New York Giants safety Antrel Rolle isn't creating a lot of fans in New York these days.
On Thursday, Rolle compared fans booing the team to people booing soldiers who return home from Iraq.
"They want to make it that guys paid this much money for a ticket," Rolle said. "Yeah, I understand that, I understand completely. We risk ourselves out there on the field each and every day also. When soldiers come home from Iraq, you don't boo them. I look at it the same way. I take my job seriously."
Rolle's comments were insensitive, to say the least. Rolle later apologized, saying that he should not have used the soldier analogy and that his father, the chief of police in Homestead, Fla., would be disappointed.
It's just one of many stories of an athlete saying something he later comes to regret, and it's the second time that Rolle has been involved this season. In Week 2, Rolle complained about the organization's leadership after losing to Indianapolis.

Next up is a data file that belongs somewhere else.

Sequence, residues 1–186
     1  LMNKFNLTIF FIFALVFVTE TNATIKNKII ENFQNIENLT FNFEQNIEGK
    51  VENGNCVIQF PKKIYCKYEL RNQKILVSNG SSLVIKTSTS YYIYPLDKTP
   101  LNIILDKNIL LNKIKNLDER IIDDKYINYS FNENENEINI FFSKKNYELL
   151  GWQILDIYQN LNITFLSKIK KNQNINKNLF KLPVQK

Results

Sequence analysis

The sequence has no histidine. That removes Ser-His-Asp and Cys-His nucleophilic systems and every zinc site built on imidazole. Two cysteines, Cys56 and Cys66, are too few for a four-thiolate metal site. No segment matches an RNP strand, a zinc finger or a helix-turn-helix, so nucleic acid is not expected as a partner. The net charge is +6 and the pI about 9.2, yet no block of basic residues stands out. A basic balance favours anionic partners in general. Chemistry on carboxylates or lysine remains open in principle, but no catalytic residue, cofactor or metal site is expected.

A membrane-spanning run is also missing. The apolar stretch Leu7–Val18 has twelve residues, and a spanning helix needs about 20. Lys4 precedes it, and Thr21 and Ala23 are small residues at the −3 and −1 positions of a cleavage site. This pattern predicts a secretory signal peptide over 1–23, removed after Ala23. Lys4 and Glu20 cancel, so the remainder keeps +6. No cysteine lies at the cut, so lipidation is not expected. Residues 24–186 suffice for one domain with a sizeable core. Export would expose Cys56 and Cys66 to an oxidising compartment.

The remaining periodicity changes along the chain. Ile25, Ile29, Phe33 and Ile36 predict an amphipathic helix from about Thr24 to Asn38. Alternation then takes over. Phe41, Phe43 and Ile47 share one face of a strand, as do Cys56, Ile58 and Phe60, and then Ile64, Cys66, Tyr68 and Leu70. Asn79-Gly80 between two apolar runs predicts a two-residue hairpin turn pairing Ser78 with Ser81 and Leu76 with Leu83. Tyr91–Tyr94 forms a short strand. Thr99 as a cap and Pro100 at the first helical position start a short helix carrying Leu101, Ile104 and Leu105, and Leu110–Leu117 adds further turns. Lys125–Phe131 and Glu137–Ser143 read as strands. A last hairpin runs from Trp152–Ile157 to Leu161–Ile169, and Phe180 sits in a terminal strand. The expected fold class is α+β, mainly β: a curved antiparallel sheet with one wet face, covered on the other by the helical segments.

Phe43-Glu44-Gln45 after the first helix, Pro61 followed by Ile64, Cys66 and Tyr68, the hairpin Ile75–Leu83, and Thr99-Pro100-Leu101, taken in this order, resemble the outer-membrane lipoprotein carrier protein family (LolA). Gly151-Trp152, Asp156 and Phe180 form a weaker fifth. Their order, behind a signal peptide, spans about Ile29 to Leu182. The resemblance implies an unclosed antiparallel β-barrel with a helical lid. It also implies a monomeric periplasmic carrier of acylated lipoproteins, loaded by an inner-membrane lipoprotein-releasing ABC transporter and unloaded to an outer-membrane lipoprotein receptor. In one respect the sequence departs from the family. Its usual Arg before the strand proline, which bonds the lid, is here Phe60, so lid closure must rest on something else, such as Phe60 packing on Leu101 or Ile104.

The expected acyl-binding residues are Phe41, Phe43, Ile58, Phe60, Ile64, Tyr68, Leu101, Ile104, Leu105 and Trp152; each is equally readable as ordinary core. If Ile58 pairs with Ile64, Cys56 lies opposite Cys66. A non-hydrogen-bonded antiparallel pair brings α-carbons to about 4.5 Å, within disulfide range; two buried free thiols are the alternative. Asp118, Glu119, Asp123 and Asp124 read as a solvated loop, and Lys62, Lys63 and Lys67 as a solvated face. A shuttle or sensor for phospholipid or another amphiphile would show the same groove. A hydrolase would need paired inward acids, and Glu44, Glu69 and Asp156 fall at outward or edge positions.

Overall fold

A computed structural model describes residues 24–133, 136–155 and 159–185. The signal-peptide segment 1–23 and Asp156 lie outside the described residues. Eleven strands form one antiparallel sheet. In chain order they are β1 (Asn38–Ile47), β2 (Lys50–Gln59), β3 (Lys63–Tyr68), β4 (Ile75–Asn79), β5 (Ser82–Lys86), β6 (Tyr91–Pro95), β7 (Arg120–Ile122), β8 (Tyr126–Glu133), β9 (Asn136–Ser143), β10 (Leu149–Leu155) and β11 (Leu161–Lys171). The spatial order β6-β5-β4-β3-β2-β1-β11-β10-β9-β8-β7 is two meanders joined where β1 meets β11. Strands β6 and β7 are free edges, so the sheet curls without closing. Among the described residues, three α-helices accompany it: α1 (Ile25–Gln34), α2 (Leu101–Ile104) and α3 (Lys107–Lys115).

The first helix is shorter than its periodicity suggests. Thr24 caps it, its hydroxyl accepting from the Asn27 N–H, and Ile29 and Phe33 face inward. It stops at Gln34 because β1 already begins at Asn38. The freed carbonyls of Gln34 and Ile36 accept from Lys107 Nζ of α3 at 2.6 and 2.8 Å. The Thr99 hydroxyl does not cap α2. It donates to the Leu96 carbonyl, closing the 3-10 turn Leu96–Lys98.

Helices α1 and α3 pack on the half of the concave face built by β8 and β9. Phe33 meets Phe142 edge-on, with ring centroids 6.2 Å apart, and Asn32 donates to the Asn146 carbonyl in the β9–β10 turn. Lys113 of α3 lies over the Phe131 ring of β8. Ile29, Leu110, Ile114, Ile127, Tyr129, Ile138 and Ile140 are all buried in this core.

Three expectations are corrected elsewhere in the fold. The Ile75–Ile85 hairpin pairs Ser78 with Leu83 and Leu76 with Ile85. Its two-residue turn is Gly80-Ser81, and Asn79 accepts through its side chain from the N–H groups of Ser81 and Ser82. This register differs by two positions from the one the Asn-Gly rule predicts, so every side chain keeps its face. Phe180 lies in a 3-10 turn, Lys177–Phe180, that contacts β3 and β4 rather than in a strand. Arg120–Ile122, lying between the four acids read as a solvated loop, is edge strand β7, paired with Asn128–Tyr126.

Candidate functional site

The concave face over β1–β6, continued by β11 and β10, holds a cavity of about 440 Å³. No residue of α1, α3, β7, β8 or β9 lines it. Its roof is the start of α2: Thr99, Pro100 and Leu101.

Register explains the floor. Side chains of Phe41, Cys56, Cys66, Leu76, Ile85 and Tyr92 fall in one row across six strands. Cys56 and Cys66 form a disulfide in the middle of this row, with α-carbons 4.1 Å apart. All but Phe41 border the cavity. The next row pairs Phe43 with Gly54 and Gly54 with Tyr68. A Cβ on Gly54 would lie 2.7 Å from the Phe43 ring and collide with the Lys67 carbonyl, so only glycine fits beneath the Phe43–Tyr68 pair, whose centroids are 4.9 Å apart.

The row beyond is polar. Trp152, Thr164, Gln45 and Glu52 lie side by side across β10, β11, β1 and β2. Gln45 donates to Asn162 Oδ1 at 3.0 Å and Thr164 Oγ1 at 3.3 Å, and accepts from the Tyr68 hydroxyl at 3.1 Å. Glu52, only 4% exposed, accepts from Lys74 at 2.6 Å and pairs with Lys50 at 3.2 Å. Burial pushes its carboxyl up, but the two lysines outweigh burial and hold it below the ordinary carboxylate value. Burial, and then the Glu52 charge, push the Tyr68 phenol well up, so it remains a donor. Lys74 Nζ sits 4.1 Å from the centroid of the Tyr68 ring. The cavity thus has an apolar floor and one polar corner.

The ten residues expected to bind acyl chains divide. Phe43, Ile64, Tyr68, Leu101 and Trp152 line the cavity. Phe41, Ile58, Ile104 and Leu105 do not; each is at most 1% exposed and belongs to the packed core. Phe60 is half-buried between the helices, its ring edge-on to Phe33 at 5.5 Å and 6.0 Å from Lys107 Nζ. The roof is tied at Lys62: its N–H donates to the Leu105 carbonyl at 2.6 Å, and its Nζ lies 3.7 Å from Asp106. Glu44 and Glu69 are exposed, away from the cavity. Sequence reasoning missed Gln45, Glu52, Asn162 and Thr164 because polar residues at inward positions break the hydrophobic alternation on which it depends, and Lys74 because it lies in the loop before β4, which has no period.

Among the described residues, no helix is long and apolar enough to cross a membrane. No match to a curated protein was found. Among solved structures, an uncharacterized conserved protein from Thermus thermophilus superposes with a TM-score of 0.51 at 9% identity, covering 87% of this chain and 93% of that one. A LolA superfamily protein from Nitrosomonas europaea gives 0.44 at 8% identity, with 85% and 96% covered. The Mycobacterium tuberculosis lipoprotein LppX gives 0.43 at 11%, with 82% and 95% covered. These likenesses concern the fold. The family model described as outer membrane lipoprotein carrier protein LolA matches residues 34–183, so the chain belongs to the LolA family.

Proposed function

Everyone has said something dumb before. The only thing that makes Rolle dumber than others is that he apparently doesn't realize how large of an audience he actually has.
As sports reporting branches out to social media, it's becoming easier and easier for an athlete to get caught with his foot in his mouth.
In September, Tampa Bay Lightning goaltender Dan Ellis posted what he thought was an innocent tweet about the 24-percent pay cut that NHL players accepted after the 2004-2005 lockout. In a time when millions are unemployed, a goalie who makes $3 million per year complaining about money seemed ridiculous to many fans, and the berating he got from it forced him to leave the social media site.
"It's unfortunate, because Twitter is a way to show a personal side, show something that isn't in the regular newspaper. It's everyday life," Ellis said at the time. "Unfortunately, something like this can really ruin something like that."
It is unfortunate, because it's nice to see an unfiltered view of an athlete's life. It's boring to hear the same, managed message coming from athletes time and time again. But Rolle, Ellis and others need to learn that those video cameras aren't filming home videos and social media sites aren't private journals. They still have to think before speaking.
How can athletes walk the line between sharing too much and over-managing their message? Share your thoughts below.